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Review: Hellfinder - Paula Stokes


Young Adult, Adventure

Published: August 2023, Fitzroy Books

My Rating: 3/5 stars


Demonically obsessed metal-bands, gunslinging grandma’s and perilous adventures through volcanic-cave systems all feature at the centre of this fast-paced YA-adventure set against the background of the Icelandic wilderness. If you’re looking for an action packed novel that reads like an adventure movie or Netflix series with a light supernatural twist, this one is for you.


When Rory Quinn spends her winter-break with her adventurous, treasure-hunting grandmother, she finds herself unexpectedly swept up in Gram’s latest contract; retrieve a blood-smeared stone that legend says will lead whoever possesses it to the nearest doorway to Hell. They’re not the only once hunting the volcanic caves of Iceland for this rock, however. From a heavy-metal band who want the stone as a prop for their next show, to a secret society who believe in the demonic powers the legends profess; Rory, Gram and their clients ridiculously handsome grandson enter a race against the clock to get to the stone first.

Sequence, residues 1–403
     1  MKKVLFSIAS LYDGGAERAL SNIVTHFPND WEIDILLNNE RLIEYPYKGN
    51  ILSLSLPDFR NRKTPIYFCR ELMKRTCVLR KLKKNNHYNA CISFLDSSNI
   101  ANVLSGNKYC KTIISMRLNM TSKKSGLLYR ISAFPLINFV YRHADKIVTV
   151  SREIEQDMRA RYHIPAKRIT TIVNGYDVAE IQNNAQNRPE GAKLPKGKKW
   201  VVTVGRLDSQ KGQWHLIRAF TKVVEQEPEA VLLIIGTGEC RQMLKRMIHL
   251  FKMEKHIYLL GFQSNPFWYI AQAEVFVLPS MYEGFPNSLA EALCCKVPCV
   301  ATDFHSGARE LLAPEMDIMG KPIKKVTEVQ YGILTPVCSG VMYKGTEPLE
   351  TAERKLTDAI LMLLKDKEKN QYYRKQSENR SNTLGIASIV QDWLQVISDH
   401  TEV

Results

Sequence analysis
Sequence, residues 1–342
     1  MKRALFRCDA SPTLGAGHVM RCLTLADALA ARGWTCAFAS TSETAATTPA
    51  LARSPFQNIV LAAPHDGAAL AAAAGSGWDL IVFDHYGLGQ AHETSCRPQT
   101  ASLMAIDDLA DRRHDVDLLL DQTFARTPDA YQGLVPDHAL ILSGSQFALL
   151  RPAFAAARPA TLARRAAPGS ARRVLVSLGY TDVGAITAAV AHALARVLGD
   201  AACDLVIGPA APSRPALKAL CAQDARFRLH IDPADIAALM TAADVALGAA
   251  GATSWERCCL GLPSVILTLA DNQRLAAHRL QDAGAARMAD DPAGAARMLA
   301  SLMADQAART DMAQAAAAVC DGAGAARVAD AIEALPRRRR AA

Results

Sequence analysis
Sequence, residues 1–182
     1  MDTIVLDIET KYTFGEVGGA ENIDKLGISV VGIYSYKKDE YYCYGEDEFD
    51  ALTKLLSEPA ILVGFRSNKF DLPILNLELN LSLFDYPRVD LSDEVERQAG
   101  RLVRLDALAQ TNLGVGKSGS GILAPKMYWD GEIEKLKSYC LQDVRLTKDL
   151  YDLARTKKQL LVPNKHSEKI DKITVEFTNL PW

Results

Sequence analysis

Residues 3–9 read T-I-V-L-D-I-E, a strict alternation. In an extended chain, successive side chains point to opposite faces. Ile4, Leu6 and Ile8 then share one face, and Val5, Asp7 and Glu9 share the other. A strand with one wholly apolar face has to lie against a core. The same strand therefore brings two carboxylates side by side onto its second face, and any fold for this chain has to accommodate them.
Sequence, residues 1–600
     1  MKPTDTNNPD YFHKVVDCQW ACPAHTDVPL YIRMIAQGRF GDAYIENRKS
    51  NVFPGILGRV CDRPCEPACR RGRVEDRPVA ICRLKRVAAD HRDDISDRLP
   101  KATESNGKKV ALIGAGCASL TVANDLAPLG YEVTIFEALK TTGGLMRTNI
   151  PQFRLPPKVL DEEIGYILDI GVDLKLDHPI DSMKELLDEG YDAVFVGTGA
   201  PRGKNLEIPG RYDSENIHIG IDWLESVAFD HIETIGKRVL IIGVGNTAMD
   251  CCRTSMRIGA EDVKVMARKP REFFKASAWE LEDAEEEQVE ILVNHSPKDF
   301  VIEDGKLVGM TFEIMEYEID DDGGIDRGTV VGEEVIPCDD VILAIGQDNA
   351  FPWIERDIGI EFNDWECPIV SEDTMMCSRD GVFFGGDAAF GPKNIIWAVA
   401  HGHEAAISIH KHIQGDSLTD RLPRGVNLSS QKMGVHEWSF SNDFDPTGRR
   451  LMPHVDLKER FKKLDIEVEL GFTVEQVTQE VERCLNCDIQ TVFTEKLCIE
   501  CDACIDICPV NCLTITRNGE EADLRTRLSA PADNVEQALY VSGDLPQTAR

The author has stated that the idea for Hellfinder started out, not with characters or a plot, but with a setting. This shows, in the sense that the rugged Icelandic landscapes and breath-taking nature are the heart and soul of this novel. I felt like I was right there with the characters, exploring volcanic caves, geysers and frozen tundra’s. That, along side with the fast-moving plot kept me engaged throughout, and made up for the novels weaker points.

The characters were hit-or-miss for me. Although there was some fun banter here and there, the best character of all (sassy Gunslinging-Grandma of course) felt seriously underused. The family-dynamics and interactions between Rory and her grandma took a backseat in favour of the building romance between Gunnar and Rory. Personally I would love to see more focus on family- and friendship in modern YA, instead of the same overdone and slightly cringy romantic banter all over again. A stronger focus on Rory (and her family’s) past, could’ve added a layer of depth to the story that would’ve elevated it above a fun adventure. As it stands, Hellfinder ends up with three-stars; good fun, great setting, but ultimately a little unmemorable in plot and characters.

Bonuspoints for the cover, which is absolutely stunning.


Many thanks to Fitzroy Books and Netgalley for providing me with an ARC in exchange for an honest review. All opinions are my own.

Find this book here on Goodreads.

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